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Manual Pages  — ADDING_USER

NAME

adding_user – procedure for adding new users

CONTENTS

DESCRIPTION

A new user must choose a login name, which must not already appear in /etc/passwd or /etc/mail/aliases. It must also not begin with the hyphen '-' character. It is strongly recommended that it be all lower-case, and not contain the dot ‘.’ character, as that tends to confuse mailers. An account can be added by editing a line into the passwd file; this must be done with the password file locked e.g. by using chpass(1) or vipw(8).

A new user is given a group and user id. Login and user id's should be unique across the system, and often across a group of systems, since they are used to control file access. Typically, users working on similar projects will be put in the same groups. At the University of California, Berkeley, we have groups for system staff, faculty, graduate students, and special groups for large projects.

A skeletal account for a new user "ernie" might look like:

ernie::25:30::0:0:Ernie Kovacs,508 Evans Hall,x7925,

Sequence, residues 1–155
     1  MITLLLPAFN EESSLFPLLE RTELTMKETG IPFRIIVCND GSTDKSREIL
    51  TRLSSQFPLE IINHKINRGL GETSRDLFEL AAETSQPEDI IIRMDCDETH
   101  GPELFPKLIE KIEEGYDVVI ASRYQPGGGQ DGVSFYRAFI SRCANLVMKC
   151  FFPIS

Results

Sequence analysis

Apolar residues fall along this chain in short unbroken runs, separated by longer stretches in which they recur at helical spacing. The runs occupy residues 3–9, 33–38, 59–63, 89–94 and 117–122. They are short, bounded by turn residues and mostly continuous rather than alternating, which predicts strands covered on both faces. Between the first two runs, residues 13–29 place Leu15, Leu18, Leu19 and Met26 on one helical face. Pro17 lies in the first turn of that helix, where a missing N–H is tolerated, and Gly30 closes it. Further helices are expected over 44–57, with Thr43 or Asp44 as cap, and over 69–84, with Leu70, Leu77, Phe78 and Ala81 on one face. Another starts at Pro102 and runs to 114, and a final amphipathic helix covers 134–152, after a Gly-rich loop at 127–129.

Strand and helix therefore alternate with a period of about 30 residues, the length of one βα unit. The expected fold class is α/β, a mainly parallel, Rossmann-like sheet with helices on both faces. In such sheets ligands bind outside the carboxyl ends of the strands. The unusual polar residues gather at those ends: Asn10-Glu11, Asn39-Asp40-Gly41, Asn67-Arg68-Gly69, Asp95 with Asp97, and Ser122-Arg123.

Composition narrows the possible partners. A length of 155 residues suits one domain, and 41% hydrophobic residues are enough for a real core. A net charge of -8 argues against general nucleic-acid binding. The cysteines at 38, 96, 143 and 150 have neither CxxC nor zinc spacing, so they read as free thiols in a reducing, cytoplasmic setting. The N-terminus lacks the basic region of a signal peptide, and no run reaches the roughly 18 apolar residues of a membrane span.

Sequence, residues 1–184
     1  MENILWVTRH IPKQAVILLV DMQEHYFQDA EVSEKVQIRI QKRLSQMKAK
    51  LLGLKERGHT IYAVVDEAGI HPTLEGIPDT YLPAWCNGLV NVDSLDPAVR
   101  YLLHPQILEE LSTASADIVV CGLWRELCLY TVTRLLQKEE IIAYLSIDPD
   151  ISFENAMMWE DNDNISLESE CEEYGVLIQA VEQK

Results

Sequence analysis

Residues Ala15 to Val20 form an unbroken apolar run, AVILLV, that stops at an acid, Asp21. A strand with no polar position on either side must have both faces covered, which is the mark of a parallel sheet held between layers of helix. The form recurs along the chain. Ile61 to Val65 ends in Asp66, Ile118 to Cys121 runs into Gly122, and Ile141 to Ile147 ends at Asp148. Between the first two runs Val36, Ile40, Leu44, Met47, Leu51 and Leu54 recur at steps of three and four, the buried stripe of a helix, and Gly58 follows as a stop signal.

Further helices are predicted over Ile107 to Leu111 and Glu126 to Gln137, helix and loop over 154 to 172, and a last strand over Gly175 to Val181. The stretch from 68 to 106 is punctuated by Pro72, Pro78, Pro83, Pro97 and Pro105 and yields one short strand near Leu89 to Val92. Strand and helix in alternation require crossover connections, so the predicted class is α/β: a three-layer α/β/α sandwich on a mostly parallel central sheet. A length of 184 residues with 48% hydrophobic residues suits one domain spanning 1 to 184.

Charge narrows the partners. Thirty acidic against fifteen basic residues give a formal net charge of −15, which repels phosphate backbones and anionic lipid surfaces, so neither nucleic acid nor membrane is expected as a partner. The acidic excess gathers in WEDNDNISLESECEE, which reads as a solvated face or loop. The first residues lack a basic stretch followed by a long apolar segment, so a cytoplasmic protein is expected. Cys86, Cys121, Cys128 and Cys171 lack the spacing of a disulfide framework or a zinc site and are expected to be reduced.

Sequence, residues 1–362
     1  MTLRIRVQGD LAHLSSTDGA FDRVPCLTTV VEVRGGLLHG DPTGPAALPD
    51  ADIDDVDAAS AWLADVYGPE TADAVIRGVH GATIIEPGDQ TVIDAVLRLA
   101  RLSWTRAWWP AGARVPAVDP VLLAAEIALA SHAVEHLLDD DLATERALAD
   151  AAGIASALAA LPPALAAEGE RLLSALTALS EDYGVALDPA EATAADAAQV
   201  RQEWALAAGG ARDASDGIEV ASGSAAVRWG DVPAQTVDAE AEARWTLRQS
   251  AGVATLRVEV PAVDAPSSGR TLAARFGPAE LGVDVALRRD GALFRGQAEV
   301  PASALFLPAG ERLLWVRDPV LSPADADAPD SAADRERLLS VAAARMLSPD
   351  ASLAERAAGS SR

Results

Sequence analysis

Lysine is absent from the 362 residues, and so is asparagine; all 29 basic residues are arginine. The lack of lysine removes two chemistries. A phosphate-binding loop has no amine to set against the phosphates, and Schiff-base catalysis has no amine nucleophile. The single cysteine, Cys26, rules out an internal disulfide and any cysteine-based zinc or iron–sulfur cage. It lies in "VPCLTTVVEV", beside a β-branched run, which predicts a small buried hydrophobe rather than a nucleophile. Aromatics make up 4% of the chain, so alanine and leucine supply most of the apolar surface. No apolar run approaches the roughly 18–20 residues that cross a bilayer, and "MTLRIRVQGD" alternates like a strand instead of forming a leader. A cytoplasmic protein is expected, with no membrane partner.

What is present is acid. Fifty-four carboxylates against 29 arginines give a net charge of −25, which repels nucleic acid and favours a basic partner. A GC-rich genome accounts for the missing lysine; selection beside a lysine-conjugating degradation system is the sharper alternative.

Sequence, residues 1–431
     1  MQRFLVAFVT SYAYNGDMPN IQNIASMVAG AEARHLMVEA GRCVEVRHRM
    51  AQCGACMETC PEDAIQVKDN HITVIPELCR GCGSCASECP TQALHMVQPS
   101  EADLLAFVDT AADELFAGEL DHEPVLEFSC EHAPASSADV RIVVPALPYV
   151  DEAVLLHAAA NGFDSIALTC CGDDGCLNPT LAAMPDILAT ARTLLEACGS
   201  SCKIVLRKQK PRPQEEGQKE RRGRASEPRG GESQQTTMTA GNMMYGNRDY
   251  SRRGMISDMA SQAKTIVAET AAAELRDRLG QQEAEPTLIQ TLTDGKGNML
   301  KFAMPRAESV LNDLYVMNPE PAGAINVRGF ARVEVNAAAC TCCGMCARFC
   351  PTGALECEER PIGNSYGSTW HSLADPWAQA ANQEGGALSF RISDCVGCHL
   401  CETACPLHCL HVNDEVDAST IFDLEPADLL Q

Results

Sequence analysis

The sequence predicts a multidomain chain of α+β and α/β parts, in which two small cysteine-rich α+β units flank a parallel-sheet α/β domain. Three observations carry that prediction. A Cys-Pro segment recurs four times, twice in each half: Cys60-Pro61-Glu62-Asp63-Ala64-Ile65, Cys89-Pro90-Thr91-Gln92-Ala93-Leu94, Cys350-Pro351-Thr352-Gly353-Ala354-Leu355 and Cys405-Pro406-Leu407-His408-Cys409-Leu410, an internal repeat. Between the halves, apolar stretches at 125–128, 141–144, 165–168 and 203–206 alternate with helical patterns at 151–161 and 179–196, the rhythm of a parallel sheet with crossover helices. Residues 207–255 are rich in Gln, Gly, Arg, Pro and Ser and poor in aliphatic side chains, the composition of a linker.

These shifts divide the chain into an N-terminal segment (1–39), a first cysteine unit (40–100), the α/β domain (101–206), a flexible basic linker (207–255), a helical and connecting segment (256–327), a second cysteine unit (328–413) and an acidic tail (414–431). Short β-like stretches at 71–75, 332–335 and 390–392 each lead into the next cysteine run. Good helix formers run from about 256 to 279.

642-8202:/a/users/ernie:/bin/csh

For a description of each of these fields, see passwd(5).

It is useful to give new users some help in getting started, supplying them with a few skeletal files such as .profile if they use /bin/sh, or .cshrc and .login if they use /bin/csh. The directory /usr/share/skel contains skeletal definitions of such files. New users should be given copies of these files which, for instance, use tset(1) automatically at each login.

FILES

/etc/master.passwd user database
/usr/share/skel skeletal login directory

SEE ALSO

chpass(1), finger(1), passwd(1), aliases(5), passwd(5), adduser(8), pwd_mkdb(8), vipw(8)

ADDING_USER (8) January 30, 2009

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A typical Unix /bin or /usr/bin directory contains a hundred different kinds of programs, written by dozens of egotistical programmers, each with its own syntax, operating paradigm, rules of use ... strategies for specifying options, and different sets of constraints.
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